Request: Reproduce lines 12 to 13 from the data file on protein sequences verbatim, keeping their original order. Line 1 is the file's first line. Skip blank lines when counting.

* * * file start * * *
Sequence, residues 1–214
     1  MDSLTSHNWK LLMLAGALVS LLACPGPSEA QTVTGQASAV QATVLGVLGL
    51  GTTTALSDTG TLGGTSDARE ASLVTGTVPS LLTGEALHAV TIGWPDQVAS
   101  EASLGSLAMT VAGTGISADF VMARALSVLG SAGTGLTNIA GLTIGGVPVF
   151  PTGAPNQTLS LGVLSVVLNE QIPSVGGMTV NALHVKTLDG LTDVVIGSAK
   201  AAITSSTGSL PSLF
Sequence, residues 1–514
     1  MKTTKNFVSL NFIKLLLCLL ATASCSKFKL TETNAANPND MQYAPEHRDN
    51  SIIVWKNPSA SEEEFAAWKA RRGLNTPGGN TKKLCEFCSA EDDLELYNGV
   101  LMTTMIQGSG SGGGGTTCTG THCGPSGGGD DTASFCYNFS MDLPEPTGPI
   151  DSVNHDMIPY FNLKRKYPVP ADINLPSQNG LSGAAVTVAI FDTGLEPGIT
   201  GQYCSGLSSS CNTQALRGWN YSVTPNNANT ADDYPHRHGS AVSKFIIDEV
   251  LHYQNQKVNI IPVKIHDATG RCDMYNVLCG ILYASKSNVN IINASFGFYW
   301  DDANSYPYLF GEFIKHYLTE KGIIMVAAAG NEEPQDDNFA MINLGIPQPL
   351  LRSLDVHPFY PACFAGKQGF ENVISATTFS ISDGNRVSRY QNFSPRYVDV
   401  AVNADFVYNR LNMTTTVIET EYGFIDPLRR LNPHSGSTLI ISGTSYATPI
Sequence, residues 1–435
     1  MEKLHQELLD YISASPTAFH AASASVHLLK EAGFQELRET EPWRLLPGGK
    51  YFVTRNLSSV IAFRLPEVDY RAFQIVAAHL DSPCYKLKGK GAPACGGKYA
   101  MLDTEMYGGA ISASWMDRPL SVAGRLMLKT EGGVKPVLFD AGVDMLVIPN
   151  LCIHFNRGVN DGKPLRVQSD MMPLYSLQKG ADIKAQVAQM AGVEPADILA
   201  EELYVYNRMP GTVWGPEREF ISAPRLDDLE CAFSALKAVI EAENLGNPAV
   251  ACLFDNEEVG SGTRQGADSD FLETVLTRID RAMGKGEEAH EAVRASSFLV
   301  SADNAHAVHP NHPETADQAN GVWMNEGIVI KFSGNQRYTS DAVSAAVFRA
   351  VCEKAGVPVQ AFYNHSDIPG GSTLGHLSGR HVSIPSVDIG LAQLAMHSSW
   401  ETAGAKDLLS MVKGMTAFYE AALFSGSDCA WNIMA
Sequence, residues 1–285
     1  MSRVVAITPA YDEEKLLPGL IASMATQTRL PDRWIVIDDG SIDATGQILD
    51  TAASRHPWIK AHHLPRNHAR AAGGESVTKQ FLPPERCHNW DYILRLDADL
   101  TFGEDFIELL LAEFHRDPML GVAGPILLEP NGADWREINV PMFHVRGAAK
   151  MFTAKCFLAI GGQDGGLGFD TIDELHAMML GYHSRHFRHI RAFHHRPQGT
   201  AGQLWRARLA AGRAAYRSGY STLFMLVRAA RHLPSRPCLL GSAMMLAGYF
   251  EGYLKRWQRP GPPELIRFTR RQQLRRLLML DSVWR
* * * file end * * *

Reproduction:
   201  GQYCSGLSSS CNTQALRGWN YSVTPNNANT ADDYPHRHGS AVSKFIIDEV
   251  LHYQNQKVNI IPVKIHDATG RCDMYNVLCG ILYASKSNVN IINASFGFYW